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To refuse to sign this contract?

(8 Posts)
SharkiraSharkira Thu 27-Apr-17 21:18:15

So, when I started my job there was discussion that there would be a zero hours contract but since it was a new company I hoped that maybe if the business was successful in the first few months they would reconsider.

Well, the time has now come that they are talking about signing contracts and it seems that it will be a zero hours contract. Wibu to say I won't sign a zero hours contract? I know I should probably look for another job that has guaranteed hours but jobs are few and far between and tbh at the moment the conditions are work are pretty good - I like my co workers, I don't have to work late nights or bank holidays and that is virtually unheard of in my industry. But I am just not comfortable with signing a zero hours contract as that gives me no guarentee at all about hours and I've worked out I need at least 25hrs a week to afford to live.

I want to stay working there at the moment but wibu to refuse to sign the contact?

JimWithTwoNoses Thu 27-Apr-17 21:22:52

Can't you just discuss it with them first, instead of refusing?
Eg 'hey, I've had a look at the contract and see that it's zero hours, I've been doing x hours on average a week over the past x months, would you consider changing it to minimum 25 hours a week as I need this to live on. I'm really happy with working here and feel it's going well, I don't want to have to start looking for other jobs just because of this one reason.'
Then if they don't change it ask if it'll be reviewed any time soon. Then take it from there.

Awwlookatmybabyspider Thu 27-Apr-17 21:27:42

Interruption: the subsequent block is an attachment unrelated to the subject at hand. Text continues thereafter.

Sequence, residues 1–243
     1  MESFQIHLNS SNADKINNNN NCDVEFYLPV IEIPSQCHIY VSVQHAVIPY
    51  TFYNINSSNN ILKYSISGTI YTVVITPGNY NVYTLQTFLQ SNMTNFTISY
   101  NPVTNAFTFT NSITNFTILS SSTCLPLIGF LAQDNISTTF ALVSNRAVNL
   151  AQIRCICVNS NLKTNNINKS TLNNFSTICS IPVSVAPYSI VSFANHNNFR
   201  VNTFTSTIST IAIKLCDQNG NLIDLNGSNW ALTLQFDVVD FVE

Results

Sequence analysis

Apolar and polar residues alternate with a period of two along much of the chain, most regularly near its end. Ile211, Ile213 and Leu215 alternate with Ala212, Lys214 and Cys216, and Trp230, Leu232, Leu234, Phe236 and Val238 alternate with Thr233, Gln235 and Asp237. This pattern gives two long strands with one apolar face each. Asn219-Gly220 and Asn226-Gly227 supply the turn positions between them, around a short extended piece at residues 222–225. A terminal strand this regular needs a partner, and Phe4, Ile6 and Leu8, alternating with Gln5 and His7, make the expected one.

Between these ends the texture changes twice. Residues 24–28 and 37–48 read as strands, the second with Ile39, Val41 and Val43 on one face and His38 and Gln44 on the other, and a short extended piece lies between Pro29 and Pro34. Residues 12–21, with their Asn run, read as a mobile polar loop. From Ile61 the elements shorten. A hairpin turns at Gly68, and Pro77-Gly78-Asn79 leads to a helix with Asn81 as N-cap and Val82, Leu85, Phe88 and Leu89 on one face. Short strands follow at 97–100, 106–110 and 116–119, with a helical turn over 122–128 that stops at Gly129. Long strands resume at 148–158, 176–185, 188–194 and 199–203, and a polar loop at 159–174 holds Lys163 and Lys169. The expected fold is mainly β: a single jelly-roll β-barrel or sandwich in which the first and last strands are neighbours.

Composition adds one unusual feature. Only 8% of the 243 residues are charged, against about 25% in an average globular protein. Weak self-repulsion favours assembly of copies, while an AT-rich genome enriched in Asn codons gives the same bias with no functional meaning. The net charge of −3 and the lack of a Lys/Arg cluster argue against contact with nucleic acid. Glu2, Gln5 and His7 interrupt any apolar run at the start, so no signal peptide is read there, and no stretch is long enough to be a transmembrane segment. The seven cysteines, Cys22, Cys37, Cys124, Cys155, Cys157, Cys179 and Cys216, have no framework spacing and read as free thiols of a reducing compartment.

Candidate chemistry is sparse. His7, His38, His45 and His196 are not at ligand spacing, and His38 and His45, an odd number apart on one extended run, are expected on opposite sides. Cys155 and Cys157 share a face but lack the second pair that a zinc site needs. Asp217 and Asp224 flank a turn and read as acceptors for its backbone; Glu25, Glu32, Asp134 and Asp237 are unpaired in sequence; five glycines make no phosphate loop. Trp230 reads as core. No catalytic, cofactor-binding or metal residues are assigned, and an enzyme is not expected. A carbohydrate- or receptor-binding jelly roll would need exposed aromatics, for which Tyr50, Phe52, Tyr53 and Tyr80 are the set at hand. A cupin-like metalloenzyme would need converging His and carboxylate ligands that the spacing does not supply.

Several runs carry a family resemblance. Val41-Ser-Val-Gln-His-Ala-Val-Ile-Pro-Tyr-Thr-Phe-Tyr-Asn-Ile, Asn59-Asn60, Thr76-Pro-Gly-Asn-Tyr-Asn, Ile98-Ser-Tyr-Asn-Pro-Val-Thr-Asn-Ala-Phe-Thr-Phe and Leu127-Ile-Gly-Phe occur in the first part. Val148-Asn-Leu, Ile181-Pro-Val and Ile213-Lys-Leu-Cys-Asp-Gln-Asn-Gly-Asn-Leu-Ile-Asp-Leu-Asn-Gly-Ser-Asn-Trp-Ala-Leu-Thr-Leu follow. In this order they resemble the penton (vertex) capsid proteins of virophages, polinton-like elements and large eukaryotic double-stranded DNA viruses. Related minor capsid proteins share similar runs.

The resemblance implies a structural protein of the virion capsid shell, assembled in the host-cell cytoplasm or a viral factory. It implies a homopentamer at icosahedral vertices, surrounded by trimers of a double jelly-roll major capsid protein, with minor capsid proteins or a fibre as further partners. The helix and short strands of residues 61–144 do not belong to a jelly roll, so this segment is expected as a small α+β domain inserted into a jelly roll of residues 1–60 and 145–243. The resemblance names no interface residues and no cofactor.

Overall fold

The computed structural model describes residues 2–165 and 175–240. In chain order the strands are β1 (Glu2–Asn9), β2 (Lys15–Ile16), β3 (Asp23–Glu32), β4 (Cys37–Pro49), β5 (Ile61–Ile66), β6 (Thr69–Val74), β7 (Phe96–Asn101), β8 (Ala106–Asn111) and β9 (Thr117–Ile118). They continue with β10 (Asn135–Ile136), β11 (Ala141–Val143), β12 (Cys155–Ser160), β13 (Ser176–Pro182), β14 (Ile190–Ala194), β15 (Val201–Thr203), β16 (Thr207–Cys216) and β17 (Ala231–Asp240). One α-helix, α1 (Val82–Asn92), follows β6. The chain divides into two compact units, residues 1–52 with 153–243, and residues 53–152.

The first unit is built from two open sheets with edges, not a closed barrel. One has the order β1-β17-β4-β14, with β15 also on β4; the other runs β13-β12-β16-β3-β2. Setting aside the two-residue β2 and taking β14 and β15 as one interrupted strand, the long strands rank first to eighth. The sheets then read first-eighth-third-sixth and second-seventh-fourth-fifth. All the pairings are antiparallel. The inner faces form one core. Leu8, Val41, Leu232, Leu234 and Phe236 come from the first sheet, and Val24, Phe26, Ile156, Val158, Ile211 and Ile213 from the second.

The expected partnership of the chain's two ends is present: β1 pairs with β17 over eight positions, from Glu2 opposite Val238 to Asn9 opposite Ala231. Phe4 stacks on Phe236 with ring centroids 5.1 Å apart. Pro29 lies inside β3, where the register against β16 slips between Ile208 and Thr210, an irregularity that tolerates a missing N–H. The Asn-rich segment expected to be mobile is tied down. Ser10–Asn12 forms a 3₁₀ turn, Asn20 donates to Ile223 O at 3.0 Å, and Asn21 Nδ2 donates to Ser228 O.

YANBU. No one can live on a zero hours contract. Not even the famous Cameron who admitted live to Jeremy Paxman that he couldn't.!!
This is the RW where bills need paying.

SharkiraSharkira Thu 27-Apr-17 21:34:51

Yes, Jim I would rather discuss it with them tbh as I am generally happy there and don't really want to leave but I just can't take the risk that a quiet period could come and my hours could drop to nothing. My credit is zero and I have nothing else other than my wages to live on.

Exactly, spider.

I think its really shitty that zero hours contracts are even legal tbh. Aside from one person every single member of staff has children and lives independantly so we are all in the same boat that if we don't work we can't afford to live!

StillDrivingMeBonkers Thu 27-Apr-17 21:35:13

Radio article yesterday about Zero Hours Contracts. McDonald have offered to put all their staff on fixed contracts. 80% have declined, preferring to stay on zero hours.

About 80% of workers in the trial elected to stay on zero hours; of those who took up the fixed-hours option, three of five went for the maximum of 30 hours.

SharkiraSharkira Thu 27-Apr-17 21:39:39

I think giving someone the option is fine but to insist on it is out of order. In my particular workplace, out of all the staff, 95% would take full time, fixed hours contracts if they were available, the only exception being me (until this summer when I finish uni ) and 1 other person who has another full time job.

underneaththeash Thu 27-Apr-17 21:44:12

How long have you been working there? You already have an implied legal contract as you are working for that company - this explains it

Do the company realise that zero hours mean that you also have the right to turn down work? It may well work better for them too if you have a minimum number of ours specified in your contract.

Imnotaslimjim Fri 28-Apr-17 08:16:27

stillDriving that will be so they get to choose their hours. On a zero hours contract, you don't have to accept any hours offered so would benefit them if they need the rota to be flexible. Looking at it from that angle it makes sense.

Shakira I can understand your frustration, it must feel vert scary not knowing your hours are guaranteed even if you've worked that shift pattern for a good while. I would raise it with them and ask if they'll reconsider. Reiterate that you enjoy the job but the lack of security is making you feel a little uneasy.

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